Shoes are Changing the Long Term Fashion Game

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I’ve had my favorite pair of Chucks for almost 9 years now. So you could say I’m pretty loyal. But, I’ve recently started buying other sneakers. And I won’t say it doesn’t pain me to cheat on my worn-in classics, but man, there’s some cool stuff out there in the sneaker world that’s hard to resist.

Adidas had announced a few months ago, their goal to reach 100% recycled material usage for all of their shoes and clothes by 2024. This was a huge undertaking not only for a company that large, but by a brand that is so iconic and well-loved. When someone says recycled or sustainable, there is a small part in each of us that doubts a product’s ability to perform the same as a non-green one.

The green initiatives by large companies might not have to be as ambitious as Adidas’ however. Take Nike’s upcoming summer launch: The Plant Color Collection.

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All dyes for these shoes will be completely plant-based. Sounds stupidly simple – and it is. But sometimes the simplest ideas can be the most stunning. Not only do the preview photos show a particular craft-like feel to the designs, but I think it is starting to transform the way we even consume shoes.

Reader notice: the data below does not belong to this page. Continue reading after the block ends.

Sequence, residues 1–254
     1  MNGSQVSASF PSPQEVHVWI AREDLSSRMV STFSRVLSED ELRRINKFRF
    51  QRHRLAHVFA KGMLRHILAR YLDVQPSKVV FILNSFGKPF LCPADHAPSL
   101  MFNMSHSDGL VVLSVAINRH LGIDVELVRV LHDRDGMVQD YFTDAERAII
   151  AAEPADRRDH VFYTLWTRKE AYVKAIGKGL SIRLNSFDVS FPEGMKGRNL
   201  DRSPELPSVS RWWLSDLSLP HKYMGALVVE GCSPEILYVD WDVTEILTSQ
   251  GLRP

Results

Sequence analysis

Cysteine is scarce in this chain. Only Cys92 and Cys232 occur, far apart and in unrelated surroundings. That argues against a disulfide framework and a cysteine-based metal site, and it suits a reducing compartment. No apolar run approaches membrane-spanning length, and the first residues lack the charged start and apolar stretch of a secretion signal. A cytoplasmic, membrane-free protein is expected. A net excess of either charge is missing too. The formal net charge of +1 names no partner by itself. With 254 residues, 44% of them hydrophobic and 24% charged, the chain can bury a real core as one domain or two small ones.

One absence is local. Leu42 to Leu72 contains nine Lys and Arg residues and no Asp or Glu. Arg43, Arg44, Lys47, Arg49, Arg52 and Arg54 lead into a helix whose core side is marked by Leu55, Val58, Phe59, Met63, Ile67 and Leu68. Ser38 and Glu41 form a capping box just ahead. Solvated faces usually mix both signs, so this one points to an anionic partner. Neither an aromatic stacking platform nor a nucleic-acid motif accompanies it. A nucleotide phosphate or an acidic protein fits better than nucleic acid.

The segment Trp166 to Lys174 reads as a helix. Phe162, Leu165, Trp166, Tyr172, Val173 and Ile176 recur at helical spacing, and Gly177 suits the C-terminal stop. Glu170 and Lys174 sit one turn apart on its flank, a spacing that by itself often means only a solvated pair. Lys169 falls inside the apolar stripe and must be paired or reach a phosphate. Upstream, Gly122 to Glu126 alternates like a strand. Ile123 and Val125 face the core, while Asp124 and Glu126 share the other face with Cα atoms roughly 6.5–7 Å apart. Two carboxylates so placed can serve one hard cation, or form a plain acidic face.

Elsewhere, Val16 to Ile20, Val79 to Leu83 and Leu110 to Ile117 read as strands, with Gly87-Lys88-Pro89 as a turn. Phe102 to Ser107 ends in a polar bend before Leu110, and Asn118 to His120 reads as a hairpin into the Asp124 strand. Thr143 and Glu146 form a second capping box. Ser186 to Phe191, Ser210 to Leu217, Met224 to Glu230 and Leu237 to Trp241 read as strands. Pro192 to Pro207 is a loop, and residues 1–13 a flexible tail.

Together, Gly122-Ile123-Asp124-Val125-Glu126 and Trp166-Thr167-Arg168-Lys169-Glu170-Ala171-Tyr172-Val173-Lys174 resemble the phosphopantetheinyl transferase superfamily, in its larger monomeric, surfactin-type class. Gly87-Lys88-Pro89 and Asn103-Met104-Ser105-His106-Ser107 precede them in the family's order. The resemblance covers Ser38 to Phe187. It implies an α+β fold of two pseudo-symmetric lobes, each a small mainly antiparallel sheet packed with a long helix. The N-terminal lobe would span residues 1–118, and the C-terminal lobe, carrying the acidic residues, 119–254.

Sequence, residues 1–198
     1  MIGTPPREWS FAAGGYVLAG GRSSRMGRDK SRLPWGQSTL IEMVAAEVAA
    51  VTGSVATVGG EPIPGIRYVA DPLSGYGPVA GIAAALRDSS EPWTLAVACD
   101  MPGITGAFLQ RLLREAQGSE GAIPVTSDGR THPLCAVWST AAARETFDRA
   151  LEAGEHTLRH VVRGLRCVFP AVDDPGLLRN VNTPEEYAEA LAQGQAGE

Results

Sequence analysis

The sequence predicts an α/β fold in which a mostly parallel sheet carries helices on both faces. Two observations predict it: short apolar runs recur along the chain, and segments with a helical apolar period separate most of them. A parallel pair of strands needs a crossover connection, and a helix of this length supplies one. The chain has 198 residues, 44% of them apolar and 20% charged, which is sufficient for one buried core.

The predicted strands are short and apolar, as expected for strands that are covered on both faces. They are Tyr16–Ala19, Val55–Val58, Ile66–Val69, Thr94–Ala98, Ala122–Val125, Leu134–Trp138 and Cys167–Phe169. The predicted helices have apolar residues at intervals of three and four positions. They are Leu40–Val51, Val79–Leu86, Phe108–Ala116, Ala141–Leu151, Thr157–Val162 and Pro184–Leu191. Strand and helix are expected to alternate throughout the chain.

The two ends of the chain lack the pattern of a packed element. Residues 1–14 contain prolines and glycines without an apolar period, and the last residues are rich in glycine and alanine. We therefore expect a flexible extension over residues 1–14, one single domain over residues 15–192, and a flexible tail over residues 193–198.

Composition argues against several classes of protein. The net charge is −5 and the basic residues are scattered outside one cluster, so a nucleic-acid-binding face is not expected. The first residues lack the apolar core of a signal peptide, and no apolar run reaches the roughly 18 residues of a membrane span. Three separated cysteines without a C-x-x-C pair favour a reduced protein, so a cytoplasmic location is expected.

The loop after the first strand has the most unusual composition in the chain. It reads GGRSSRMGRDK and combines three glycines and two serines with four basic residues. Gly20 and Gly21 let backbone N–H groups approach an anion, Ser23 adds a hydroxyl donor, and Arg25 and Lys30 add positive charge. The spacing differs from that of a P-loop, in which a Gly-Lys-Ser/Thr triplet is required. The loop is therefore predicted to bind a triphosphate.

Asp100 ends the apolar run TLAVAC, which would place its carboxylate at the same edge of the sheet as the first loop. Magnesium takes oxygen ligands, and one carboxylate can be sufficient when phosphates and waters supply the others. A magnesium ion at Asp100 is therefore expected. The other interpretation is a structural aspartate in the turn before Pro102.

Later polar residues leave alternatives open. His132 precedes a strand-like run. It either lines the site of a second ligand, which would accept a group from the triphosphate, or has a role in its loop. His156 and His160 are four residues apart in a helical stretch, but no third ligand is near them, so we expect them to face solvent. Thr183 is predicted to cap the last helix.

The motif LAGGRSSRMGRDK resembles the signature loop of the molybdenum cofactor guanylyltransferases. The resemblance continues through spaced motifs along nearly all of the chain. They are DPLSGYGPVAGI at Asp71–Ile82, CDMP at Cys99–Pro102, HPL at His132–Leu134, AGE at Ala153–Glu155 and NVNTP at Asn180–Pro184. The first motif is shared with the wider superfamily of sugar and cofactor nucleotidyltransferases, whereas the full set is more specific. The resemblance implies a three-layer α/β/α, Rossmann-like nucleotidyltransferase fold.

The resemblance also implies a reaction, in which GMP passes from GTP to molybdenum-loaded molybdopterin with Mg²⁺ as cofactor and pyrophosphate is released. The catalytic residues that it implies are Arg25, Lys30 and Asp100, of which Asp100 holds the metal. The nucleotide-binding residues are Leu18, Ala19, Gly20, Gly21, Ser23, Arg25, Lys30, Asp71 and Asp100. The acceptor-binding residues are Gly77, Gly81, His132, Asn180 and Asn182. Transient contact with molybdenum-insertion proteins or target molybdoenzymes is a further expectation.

There has always been an animus towards the fashion world for its fast-paced trends and this undying need to have the next best thing, right away. More often that not, these fads fade quickly, leaving consumers with piles of usually unused and out-of-fashion pieces. So how do these shoe launches change that?

To me, it signifies that the long-term vision we see fashion companies often disregard, is being reversed. I haven’t heard a lot of people talking about this, and quite honestly, I’m glad it isn’t blowing up. When something goes viral, the integrity and oftentimes the real soul of a product or movement disappears. It’s the cool thing to do, so everybody hop on the popular train.

Adidas and Nike show us that these sustainability goals are meant to provoke long-term conversations. Yes, some could argue that as money-making businesses, if they don’t keep churning out new designs and pushing their products on consumers, they’ll stop making money. But it gives me hope, knowing certain creative people are thinking of big ideas, and making something meaningful because of it.